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Say I have 2 "things" I can sell: service and product. Each is represented with a table that captures their unique attributes (e.g. service might have a per hour rate while product may have a per unit price, etc.).

Each time a sale is made, assume that I need to capture the exact same data about the sale regardless of whether the service or product is sold. How do I model this?

APPROACH 1:

  1. I create one table to hold the details of each sale
  2. I create two "mapping" tables to connect the product or service with the sale table

So, something like this:

TABLE: product
- product_id (PK)

TABLE: service
- service_id (PK)

TABLE: sale
- sale_id (PK)

TABLE: product_sale
- product_id (FK)
- sale_id (FK)

TABLE: service_sale
- service_id (FK)
- sale_id (FK)

APPROACH 2:

Skip the mapping tables and just have separate tables to record sales for products and services.

TABLE: product
- product_id (PK)

TABLE: service
- service_id (PK)

TABLE: product_sale
- product_sale_id (PK)
- product_id (FK)

TABLE: service_sale
- service_sale_id (PK)
- service_id (FK)

I feel approach 1 would be better since I would need to generate reports like:

  • Total sales for a given period
  • Total sales per sales person
  • etc.
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6 Answers 6

up vote 6 down vote accepted
+50

Your Approach 1 is more favorable than approach 2 for the reasons you listed. Being able to collect up data across all sales of any type and having multiple items in one sale. Approach 2 suggests that products and services are only ever sold 1 at a time and not bundled together. But I have to wonder why you want to separate the products and services in the first place? (This would be industry specific depending on your needs). Most ecommerce systems and small business accounting systems use a simpler model with one products table.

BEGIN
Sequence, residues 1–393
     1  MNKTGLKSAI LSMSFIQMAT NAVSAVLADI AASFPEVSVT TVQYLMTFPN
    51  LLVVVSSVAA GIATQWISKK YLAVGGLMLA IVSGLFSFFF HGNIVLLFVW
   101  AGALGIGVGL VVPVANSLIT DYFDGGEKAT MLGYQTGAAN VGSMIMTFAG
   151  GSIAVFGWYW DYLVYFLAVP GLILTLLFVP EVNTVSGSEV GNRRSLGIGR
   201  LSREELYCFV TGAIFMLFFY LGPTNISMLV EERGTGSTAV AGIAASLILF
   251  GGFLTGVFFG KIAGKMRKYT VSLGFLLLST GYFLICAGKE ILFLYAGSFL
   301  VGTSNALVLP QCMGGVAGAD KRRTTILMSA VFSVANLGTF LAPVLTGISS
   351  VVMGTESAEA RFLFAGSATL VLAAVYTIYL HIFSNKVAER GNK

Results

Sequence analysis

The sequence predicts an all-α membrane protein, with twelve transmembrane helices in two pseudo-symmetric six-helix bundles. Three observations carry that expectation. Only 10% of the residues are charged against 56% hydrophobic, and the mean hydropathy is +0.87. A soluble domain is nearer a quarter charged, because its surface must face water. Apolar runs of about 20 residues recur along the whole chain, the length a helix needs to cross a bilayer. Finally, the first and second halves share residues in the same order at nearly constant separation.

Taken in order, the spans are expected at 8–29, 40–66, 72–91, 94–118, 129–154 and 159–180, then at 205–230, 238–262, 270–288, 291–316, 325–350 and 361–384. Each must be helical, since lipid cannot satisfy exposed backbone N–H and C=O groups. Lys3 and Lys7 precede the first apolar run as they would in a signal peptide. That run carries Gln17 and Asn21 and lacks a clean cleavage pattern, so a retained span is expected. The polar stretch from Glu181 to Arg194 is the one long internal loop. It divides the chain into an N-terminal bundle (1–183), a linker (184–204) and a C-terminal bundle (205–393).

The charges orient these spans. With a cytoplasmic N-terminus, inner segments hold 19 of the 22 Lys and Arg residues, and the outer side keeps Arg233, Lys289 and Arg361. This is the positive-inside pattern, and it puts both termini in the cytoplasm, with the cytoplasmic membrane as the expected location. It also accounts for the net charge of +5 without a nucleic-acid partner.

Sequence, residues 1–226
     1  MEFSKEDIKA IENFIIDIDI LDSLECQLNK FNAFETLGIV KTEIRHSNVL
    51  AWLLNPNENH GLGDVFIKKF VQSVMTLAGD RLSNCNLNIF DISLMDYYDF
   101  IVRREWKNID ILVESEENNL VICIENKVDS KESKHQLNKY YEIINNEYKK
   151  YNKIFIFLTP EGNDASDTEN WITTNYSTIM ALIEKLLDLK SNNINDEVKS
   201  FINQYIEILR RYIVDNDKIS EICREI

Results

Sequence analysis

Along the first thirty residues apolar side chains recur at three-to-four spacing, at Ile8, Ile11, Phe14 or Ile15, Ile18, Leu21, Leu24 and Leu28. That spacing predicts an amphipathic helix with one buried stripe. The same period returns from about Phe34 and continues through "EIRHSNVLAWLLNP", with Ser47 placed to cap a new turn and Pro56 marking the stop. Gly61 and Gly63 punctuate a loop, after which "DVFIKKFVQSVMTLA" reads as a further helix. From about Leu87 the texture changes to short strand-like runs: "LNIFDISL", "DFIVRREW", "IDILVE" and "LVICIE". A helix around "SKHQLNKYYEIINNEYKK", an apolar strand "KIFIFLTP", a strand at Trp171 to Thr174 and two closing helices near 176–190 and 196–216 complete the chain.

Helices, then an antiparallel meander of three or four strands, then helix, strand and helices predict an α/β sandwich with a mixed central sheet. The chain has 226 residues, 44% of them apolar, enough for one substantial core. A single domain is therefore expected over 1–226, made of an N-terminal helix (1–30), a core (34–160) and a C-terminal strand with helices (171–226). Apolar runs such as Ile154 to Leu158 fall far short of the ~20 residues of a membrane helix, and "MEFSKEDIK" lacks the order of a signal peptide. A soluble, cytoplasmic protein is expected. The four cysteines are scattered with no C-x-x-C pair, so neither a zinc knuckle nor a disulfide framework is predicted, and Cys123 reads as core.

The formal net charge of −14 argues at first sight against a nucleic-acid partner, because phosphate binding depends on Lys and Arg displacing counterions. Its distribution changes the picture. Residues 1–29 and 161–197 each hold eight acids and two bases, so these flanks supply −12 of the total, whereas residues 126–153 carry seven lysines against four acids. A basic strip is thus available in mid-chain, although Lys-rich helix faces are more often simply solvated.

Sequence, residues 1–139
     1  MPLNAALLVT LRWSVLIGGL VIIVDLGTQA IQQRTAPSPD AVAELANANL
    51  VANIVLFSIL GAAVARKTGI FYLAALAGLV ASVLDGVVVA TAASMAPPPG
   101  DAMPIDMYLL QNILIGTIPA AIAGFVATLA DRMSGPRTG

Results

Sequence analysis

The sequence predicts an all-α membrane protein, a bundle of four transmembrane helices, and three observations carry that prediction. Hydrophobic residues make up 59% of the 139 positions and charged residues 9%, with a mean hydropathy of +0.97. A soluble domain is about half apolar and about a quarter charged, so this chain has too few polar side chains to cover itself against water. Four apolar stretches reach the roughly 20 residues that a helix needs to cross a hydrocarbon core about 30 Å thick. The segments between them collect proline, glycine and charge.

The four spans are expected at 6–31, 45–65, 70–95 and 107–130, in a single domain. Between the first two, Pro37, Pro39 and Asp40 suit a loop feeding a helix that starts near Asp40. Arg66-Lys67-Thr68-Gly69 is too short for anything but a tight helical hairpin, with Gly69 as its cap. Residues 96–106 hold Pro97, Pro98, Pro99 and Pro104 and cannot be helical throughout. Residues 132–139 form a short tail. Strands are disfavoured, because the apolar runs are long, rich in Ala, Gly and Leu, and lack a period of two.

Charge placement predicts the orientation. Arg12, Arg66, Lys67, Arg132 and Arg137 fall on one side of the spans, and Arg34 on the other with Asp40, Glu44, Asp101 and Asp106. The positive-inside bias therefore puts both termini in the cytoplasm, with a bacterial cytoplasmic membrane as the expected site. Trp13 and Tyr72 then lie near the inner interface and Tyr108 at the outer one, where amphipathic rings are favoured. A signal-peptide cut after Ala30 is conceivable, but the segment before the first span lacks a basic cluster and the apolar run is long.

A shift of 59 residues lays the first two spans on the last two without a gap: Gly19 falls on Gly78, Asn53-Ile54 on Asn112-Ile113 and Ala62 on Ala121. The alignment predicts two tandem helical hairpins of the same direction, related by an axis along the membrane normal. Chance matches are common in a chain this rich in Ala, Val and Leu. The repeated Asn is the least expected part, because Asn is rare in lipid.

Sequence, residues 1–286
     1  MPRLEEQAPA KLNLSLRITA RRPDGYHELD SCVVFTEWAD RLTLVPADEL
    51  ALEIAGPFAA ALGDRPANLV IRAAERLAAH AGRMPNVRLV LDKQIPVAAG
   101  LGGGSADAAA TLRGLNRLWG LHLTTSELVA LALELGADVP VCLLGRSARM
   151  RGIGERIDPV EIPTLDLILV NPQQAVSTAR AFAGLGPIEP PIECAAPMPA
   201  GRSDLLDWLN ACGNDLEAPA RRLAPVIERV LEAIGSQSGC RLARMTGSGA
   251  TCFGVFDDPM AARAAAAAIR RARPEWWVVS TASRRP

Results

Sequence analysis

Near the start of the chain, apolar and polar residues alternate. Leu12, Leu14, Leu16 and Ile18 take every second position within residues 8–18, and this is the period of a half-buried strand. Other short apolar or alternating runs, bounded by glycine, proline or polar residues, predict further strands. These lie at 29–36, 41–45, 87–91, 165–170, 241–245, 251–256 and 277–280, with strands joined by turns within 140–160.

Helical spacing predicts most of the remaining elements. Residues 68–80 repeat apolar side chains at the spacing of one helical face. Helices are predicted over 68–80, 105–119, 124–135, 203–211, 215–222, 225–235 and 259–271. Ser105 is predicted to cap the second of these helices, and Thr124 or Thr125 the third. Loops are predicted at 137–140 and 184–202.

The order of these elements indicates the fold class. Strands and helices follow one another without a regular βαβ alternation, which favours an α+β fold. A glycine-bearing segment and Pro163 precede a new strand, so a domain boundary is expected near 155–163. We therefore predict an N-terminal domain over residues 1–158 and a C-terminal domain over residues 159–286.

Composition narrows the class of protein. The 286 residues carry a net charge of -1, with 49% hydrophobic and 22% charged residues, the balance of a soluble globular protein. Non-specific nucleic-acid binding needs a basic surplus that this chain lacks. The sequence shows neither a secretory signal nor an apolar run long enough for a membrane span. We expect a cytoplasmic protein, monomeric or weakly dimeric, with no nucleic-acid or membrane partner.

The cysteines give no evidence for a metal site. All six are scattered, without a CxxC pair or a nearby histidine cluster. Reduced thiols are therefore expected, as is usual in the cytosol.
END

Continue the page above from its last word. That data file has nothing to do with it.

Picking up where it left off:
So here's my official answer to your question using one products table:

  1. Structure the [product] table to have PricePerUnit and UnitOfMeasure (could be hours, could be each, could be pairs, could be book rate for standard services). This can adequately describe the pricing model difference between products/services for most small companies.
  2. Now in your [product_sale] table (aka "InvoiceLineItem" in my lingo), add a notes field. In this field you could write detail regarding the product/service sold. In the case of a service, you might enter some notes for the customer to reference like "Performed X service, adjusted B widget and polished the C tuning knob".

So you have three tables in this simple example:

  • [products] - contains master data or your "catalog" of products and services including their pricing for some unit of measure.
  • [invoices] - contains your sale information or invoice header including date, transaction id, maybe sales person, etc.
  • [invoicelineitems] - connects invoices with products with two foreign keys in a many-to-many style.

This how most off-the-shelf ecommerce systems and small business accounting systems work.

You can definitely go more complex if you need super specific tracking, but you need to justify the costs and complexity by explaining why a price per unit schema won't work for your use case. (auto dealerships are an example where services are tracked totally differently than normal with services/products in separate tables both tied to line items which represent one "problem" or "complaint" about your car. Every line item has both a product component and a service component.)

UPDATE: It appears I wasn't clear enough in my original answer as @Doug pointed out. When you create an invoice for a sale, the current PricePerUnit is copied to the InvoiceLineItem record along with a QuantitySold field and any other data important to snapshot of the product master data in case you need to reverse the transaction. This ensures the invoice always maintains the same total, even if the products price changes in the future. It also allows you to reverse the invoice if a customer returns something and make sure the customer gets the same amount back as paid regardless of the current price.